The Financial Conduct Authority (FCA) has today published the latest analysis of its Financial Lives survey. Today’s report puts the spotlight on the financial situation of people across the UK and highlights where in the UK people may be more vulnerable.
Today’s report finds that people in the East of England were more likely to have experienced an unsolicited approach in the last 12 months that could be a possible pension or investment scam (28%) than anywhere else in the UK. The UK average is 23%.
Financial Lives is the FCA’s survey of nearly 13,000 adults and is the largest tracking survey in the UK specifically looking at consumers and their use of financial services.
The report shows a number of differences in how people in different areas of the UK, including the East of England, experience financial services, such as:
- 48% of adults in the East of England show characteristics of potential vulnerability, while 7% are ‘in difficulty’ and 13% are over-indebted. These figures are similar to the UK average.
- Adults in the East of England are more likely to have a bank account compared to the UK average. Just 1% do not have a bank account (or an alternative e-money account) compared to the UK average of 3%.
- Adults in the region are more likely to have a savings account compared to the UK average - 65% vs. the UK average of 59%.
- Just over half (52%) of adults in the East of England have no cash savings or savings of less than £5,000. This compares to 57% across the UK.
- People in the region have less dependency on bank branches than the UK average. 56% used a bank branch in the last 12 months compared to 61% for the UK.
- On average, adults in the region owe £2,810 in unsecured debt. This is the lowest amount of any of the UK nations and regions and compares to the UK average of £3,320.
Andrew Bailey, FCA Chief Executive, said: 'This survey shows just how different the experience of financial services is for consumers across the country. That’s important for us, as we shape financial services policy. But it is also important for firms, as they decide how best to serve their customers.'
The FCA has released weighted data tables which provide details of the survey findings so that local decision-makers and other organisations can use the information to consider what they can do to help support people who may be struggling financially. The FCA’s previous Financial Lives report told the financial story for six different age groups to show key themes at each life stage.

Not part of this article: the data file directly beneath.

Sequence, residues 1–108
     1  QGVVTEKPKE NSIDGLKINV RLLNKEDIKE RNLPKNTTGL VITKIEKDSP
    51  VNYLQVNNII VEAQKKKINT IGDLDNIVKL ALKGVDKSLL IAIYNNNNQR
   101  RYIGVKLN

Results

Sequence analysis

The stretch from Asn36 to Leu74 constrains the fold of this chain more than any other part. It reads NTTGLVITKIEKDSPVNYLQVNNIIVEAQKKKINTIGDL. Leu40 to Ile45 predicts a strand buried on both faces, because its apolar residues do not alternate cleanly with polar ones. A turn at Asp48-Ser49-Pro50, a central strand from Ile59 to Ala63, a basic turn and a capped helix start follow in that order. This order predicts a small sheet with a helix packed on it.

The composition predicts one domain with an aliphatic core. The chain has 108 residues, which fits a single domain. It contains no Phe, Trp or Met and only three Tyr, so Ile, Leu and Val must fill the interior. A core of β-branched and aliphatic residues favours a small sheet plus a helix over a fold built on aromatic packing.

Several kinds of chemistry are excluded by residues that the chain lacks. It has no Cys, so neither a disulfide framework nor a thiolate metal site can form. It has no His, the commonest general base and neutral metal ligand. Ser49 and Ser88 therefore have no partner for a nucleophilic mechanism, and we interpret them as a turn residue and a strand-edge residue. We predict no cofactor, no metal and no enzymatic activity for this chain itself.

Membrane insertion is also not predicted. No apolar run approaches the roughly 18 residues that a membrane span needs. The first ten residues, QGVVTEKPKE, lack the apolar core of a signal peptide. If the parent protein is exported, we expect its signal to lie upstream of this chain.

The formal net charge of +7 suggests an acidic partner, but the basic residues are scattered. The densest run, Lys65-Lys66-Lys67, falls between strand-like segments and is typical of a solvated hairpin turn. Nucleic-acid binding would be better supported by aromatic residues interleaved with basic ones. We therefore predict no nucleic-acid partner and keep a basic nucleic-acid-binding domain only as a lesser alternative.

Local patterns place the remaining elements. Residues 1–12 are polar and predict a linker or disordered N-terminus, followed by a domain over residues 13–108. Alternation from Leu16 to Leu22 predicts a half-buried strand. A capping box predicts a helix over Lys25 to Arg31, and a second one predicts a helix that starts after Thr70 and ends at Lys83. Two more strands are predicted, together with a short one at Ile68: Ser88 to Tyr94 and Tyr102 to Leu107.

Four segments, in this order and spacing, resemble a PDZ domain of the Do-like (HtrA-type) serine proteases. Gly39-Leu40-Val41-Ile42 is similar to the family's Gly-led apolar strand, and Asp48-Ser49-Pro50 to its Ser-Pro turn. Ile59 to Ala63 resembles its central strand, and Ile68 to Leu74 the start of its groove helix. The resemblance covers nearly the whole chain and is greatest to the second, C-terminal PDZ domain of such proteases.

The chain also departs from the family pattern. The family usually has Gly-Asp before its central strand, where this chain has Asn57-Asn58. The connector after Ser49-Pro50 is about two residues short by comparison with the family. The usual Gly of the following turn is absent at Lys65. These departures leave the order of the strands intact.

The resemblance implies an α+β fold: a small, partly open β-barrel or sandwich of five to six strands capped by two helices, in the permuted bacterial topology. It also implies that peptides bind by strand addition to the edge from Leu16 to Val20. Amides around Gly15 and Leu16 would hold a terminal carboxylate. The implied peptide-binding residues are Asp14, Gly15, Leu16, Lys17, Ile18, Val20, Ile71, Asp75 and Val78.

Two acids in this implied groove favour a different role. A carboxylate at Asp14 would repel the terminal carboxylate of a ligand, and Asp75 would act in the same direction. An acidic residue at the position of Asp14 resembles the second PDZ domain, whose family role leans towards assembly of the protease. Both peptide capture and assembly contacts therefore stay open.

Notes to editors
- Read the FCA’s June 2018 report, The financial lives of consumers across the UK
- Read the Financial Lives 2017 report, Understanding the financial lives of UK adults
- Potential vulnerability refers to those adults who may suffer disproportionately if things go wrong because they have low financial resilience. It also covers those who may be less able to engage with their finances or with financial services. The reasons for this can vary from suffering a recent life event (such as redundancy, bereavement or divorce), low financial capability, or a health‑related problem that affects a person’s day‑to‑day activities a lot. Being defined as potentially vulnerable does not mean someone will necessarily suffer harm.
- ‘In difficulty’ refers to adults who are the least financially resilient, as they have already missed paying domestic bills or meeting credit commitments in at least three of the last six months.
- Over-indebtedness is defined as considering a heavy burden keeping up with domestic bills and credit commitments, or missing any credit commitments and/ or any domestic bills in any three or more of the last six months.
- On 1 April 2013, the FCA became responsible for the conduct supervision of all regulated financial firms and the prudential supervision of those not supervised by the Prudential Regulation Authority (PRA).
- The FCA has an overarching strategic objective of ensuring the relevant markets function well. To support this it has three operational objectives: to secure an appropriate degree of protection for consumers; to protect and enhance the integrity of the UK financial system; and to promote effective competition in the interests of consumers.
- Find out more information about the FCA.